In 2008 and 2009, as the global recession deepened, so governments around the world turned to Keynesian policies. Aggregate demand had to be boosted. This meant a combination of fiscal and monetary policies. Fiscal stimulus packages were adopted, combining increased government expenditure and cuts in taxes. On the monetary policy front, central banks cut interest rates to virtually zero and expanded the money supply in bouts of quantitative easing.
The global recession turned out not to be a deep as many had feared and the Keynesian policies were hailed by many as a success.
But how the tide is turning! The combination of the recession (which reduced tax revenues and increased welfare spending) and the stimulus packages played havoc with public finances. Deficits soared. These deficits had to be financed, and increasingly credit agencies and others were asking how sustainable such deficits were over the longer term. These worries have been compounded by the perilous state of the public finances in countries such as Greece, Portugal, Ireland and Hungary. The focus has thus turned to cuts. In fact there is now an international ‘competition’ as to which country can wear the hairiest hair shirt. The new Coalition government in the UK, for example, is busy preparing the general public for deep cuts to come.
We are now seeing a re-emergence of new classical views that increased deficits, far from stimulating the economy and resulting in faster growth, largely crowd out private expenditure. To prevent this crowding out and restore confidence in financial markets, deficits must be rapidly cut, thereby allowing finance to be diverted to the private sector.
But if the contribution to aggregate demand of the public sector is to be reduced, and if consumption, the largest component of aggregate demand, is also reduced as households try to reduce their reliance on borrowing, where is the necessary rise in aggregate demand to come from? We are left with investment and net exports – the remaining two components of aggregate demand, where AD = C + G + I + (X – M).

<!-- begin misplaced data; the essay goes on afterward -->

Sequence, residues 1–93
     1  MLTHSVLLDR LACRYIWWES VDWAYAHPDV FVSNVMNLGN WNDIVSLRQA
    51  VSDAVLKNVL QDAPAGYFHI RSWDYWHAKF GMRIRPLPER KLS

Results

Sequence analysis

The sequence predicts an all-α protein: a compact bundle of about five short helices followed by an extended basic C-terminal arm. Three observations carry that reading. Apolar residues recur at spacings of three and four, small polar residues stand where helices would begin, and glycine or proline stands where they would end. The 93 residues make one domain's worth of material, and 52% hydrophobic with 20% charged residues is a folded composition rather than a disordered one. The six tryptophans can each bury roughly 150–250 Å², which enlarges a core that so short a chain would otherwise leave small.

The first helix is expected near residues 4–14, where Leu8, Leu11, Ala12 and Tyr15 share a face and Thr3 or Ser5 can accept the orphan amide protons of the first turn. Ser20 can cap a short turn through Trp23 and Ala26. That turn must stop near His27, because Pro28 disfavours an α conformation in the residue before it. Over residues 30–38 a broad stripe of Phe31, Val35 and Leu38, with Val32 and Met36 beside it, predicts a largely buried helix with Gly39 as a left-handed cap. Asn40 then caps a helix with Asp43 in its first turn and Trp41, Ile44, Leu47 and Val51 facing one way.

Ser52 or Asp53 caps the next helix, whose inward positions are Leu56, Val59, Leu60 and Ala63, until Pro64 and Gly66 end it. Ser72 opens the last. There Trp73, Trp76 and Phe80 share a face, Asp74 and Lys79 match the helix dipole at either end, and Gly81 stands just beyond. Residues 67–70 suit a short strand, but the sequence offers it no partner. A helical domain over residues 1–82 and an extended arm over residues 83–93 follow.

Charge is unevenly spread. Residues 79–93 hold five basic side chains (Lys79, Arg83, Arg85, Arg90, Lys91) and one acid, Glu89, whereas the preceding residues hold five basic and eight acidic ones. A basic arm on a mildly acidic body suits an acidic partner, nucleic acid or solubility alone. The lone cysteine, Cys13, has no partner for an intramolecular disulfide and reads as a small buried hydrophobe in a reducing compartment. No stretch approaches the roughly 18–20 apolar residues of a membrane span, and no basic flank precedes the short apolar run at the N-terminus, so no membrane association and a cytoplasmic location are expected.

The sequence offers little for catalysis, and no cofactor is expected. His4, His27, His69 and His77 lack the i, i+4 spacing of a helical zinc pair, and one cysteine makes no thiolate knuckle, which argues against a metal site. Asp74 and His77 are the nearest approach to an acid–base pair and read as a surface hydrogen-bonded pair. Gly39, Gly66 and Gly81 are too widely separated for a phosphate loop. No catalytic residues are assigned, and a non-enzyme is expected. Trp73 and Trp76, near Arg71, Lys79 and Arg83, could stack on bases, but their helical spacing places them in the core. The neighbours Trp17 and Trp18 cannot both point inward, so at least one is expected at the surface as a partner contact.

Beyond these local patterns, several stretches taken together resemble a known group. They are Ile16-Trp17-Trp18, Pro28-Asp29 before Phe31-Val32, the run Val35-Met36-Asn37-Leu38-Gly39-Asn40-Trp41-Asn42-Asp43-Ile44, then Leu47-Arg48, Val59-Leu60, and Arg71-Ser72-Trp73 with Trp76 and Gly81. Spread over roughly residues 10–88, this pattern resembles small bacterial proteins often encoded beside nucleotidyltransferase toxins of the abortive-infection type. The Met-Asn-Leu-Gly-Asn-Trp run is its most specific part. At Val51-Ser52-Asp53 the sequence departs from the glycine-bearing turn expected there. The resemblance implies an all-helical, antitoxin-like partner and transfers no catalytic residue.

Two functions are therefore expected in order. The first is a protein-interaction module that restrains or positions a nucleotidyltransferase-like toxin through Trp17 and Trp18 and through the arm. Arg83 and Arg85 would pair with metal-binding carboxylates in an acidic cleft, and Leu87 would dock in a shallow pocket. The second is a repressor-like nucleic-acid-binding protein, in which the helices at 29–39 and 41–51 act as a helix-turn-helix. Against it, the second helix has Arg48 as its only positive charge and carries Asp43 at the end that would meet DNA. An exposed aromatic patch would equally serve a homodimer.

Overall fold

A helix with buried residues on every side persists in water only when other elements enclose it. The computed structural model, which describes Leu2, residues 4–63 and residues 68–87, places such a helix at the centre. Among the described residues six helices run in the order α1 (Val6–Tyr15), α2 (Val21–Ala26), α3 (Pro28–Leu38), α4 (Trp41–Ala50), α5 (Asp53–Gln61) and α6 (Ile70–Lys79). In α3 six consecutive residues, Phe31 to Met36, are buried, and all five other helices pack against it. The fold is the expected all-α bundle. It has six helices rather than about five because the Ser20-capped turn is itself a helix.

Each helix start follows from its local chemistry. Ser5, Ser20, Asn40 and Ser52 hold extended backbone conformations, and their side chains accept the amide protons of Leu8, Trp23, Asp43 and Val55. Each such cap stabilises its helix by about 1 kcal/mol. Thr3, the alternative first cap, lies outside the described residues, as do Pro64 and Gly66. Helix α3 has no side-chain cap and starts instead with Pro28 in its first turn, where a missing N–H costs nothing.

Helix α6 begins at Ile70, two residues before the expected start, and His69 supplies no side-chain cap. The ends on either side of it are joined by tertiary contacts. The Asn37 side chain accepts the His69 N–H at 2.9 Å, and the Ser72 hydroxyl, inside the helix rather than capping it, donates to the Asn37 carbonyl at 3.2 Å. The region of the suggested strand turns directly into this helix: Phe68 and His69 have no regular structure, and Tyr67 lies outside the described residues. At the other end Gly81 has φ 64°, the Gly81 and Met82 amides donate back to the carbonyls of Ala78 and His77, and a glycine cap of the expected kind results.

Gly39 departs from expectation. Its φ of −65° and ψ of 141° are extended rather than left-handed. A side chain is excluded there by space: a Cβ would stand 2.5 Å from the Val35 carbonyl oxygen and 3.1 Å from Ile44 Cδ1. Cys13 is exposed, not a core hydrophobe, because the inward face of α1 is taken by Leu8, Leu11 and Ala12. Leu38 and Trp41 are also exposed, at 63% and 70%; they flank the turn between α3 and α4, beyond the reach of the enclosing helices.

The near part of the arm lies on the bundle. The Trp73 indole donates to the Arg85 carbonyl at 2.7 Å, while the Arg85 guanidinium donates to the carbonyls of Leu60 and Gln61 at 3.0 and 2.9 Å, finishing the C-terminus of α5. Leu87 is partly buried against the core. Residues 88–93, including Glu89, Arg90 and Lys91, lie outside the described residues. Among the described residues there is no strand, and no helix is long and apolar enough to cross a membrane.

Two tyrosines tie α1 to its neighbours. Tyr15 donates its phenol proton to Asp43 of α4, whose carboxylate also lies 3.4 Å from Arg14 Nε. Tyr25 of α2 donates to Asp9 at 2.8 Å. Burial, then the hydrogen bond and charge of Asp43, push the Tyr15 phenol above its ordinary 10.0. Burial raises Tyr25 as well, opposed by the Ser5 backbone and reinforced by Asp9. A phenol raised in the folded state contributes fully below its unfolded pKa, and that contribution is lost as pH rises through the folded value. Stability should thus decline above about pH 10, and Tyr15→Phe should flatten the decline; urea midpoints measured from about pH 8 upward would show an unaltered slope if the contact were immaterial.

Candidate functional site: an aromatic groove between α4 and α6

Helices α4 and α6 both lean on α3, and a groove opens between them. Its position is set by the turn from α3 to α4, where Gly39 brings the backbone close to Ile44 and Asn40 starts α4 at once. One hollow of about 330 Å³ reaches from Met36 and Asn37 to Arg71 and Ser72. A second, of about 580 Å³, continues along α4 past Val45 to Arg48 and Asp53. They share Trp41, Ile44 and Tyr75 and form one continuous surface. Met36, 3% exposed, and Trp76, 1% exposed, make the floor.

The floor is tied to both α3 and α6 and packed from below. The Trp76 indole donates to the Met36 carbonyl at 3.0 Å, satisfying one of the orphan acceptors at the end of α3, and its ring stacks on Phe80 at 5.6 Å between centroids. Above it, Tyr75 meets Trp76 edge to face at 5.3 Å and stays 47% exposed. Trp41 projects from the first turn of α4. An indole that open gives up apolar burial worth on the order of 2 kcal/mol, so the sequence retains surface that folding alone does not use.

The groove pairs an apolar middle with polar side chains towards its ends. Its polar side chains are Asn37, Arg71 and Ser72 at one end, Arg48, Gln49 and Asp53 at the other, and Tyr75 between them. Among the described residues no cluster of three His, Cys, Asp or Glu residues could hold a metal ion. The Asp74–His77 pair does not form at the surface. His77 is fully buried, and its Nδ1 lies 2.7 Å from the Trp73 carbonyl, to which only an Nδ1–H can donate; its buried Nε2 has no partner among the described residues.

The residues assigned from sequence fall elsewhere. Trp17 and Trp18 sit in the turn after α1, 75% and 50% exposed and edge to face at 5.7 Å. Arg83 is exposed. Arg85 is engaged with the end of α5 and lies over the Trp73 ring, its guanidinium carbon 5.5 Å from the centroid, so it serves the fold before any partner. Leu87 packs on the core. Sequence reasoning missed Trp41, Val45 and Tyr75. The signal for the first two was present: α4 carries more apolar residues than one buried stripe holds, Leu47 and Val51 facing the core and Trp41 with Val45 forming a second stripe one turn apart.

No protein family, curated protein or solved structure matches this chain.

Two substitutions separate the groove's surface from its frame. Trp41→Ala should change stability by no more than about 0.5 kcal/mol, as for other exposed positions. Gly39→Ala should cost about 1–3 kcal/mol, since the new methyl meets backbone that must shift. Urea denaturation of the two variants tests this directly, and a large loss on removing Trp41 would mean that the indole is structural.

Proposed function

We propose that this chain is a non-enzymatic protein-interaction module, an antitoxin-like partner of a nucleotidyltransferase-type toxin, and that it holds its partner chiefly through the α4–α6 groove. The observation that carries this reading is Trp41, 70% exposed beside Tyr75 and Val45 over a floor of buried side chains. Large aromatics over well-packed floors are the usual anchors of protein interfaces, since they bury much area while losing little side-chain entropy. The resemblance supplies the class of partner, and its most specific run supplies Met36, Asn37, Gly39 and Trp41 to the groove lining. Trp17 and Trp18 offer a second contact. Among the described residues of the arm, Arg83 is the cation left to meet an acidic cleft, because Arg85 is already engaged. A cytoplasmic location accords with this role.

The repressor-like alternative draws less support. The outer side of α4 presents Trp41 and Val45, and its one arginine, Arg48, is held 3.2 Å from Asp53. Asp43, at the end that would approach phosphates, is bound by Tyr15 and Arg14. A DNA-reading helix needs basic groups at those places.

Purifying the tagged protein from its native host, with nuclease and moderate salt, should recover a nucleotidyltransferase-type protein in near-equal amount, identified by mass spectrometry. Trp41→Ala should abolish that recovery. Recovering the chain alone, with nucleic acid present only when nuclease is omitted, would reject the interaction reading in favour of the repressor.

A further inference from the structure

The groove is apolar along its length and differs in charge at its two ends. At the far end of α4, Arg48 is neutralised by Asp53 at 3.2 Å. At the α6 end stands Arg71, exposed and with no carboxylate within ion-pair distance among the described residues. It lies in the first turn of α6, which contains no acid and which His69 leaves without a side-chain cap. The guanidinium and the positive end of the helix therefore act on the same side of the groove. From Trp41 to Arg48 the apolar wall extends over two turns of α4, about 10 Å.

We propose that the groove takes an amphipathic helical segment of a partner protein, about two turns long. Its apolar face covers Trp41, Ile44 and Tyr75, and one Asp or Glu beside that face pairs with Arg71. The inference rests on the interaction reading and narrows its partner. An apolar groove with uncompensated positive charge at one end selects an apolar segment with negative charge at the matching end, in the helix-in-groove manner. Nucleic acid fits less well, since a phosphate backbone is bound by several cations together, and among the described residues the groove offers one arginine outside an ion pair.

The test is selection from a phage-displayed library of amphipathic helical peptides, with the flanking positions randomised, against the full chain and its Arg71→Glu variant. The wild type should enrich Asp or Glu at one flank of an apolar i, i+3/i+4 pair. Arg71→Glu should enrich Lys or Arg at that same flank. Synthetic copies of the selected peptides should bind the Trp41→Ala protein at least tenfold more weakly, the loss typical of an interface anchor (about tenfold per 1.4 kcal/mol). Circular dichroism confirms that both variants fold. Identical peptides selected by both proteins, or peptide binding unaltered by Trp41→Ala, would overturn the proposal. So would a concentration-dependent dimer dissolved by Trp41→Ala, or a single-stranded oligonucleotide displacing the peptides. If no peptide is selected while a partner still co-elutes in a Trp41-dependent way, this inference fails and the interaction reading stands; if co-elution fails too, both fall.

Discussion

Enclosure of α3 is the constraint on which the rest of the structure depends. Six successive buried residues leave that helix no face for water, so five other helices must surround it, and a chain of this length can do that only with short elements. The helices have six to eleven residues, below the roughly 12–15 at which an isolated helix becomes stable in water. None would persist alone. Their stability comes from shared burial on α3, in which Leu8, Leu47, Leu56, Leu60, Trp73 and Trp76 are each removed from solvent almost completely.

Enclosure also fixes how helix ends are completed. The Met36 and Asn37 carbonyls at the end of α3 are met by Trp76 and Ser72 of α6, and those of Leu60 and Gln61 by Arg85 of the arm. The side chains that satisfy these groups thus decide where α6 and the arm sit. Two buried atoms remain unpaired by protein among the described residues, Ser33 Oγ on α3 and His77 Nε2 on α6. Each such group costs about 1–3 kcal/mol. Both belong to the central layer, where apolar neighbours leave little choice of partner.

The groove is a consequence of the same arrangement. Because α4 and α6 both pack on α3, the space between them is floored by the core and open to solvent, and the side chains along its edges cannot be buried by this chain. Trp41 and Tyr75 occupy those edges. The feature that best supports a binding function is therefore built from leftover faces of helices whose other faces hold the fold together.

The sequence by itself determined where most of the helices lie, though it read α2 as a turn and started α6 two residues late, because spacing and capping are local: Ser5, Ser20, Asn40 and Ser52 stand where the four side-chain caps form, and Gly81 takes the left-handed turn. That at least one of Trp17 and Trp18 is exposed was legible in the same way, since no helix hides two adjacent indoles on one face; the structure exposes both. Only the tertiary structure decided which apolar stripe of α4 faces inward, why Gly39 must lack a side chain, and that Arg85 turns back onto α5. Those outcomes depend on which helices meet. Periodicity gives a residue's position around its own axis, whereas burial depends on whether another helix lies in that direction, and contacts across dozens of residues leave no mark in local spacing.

But will firms want to invest if deficit reduction results in higher taxes, higher unemployment and less spending by the government on construction, equipment and many other private-sector goods and services. Won’t firms, fearing a decline in consumer demand, and possibly a ‘double-dip recession’, hold off from investing? As for export growth, this depends very much on growth in the rest of the world. If the rest of the world is busy making cuts too, then export growth may be very limited.
The G20, meeting in Korea on 4 June, wrestled with this problem. But the mood had definitely turned. Leaders seemed much more concerned about deficit reduction than maintaining the fiscal stimulus.
The following articles look at the arguments between Keynesians and new classicists. The disagreements between their authors reflect the disagreements between economists and between politicians about the timing and extent of cuts.
Time to plan for post-Keynesian era Financial Times, Jeffrey Sachs (7/6/10)
The Keynesian Endpoint CNBC Guest Blog, Tony Crescenzi (7/6/10)
Keynes, Recovered Boston Review, Jonathan Kirshner (May/June 2010)
How Keynes, not mining, saved us from recession Sydney Morning Herald, Ross Gittins (7/6/10)
The verdict on Keynes Asia Times, Martin Hutchinson (2/6/10)
The G20 Has Officially Voted For Global Depression Business Insider, Marshall Auerback (7/6/10)
Deficit disorder: the Keynes solution New Statesman, Robert Skidelsky (17/5/10)
Hawks v doves: economists square up over Osborne’s cuts Guardian, Phillip Inman (14/6/10)
Reports and data
OECD Economic Outlook No. 87, May 2010 (see)
Economics: Growth rising faster than expected but risks increasing too, says OECD Economic Outlook OECD (26/5/10)
Economy: responses must reflect governments’ views of national situations OECD (26/5/10)
Editorial and summary of projections OECD (26/5/10)
General assessment of the macroeconomic situation OECD (26/5/10)
Statistical Annex to OECD Economic Outlook No. 87 OECD (10/6/10)
Communiqué, Meeting of Finance Ministers and Central Bank Governors, Busan, Republic of Korea G20 (5/6/10)
- Summarise the arguments for and against making rapid cuts in public-sector deficits.
- What forms can crowding out take? Under what circumstances will a rise in public-sector deficits (a) cause and (b) not cause crowding out?
- Assess the policy measures being proposed by the G20.
- How important is confidence for the success of (a) fiscal stimulus packages and (b) deficit reduction policies in boosting economic growth?
On February 14, the Sunday Times published a letter by 20 eminent economists calling on the next government to cut the public-sector deficit more rapidly than that planned in last December’s pre-Budget report.
In order to minimise this risk and support a sustainable recovery, the next government should set out a detailed plan to reduce the structural budget deficit more quickly than set out in the 2009 pre-Budget report.
The exact timing of measures should be sensitive to developments in the economy, particularly the fragility of the recovery. However, in order to be credible, the government’s goal should be to eliminate the structural current budget deficit over the course of a parliament, and there is a compelling case, all else being equal, for the first measures beginning to take effect in the 2010-11 fiscal year.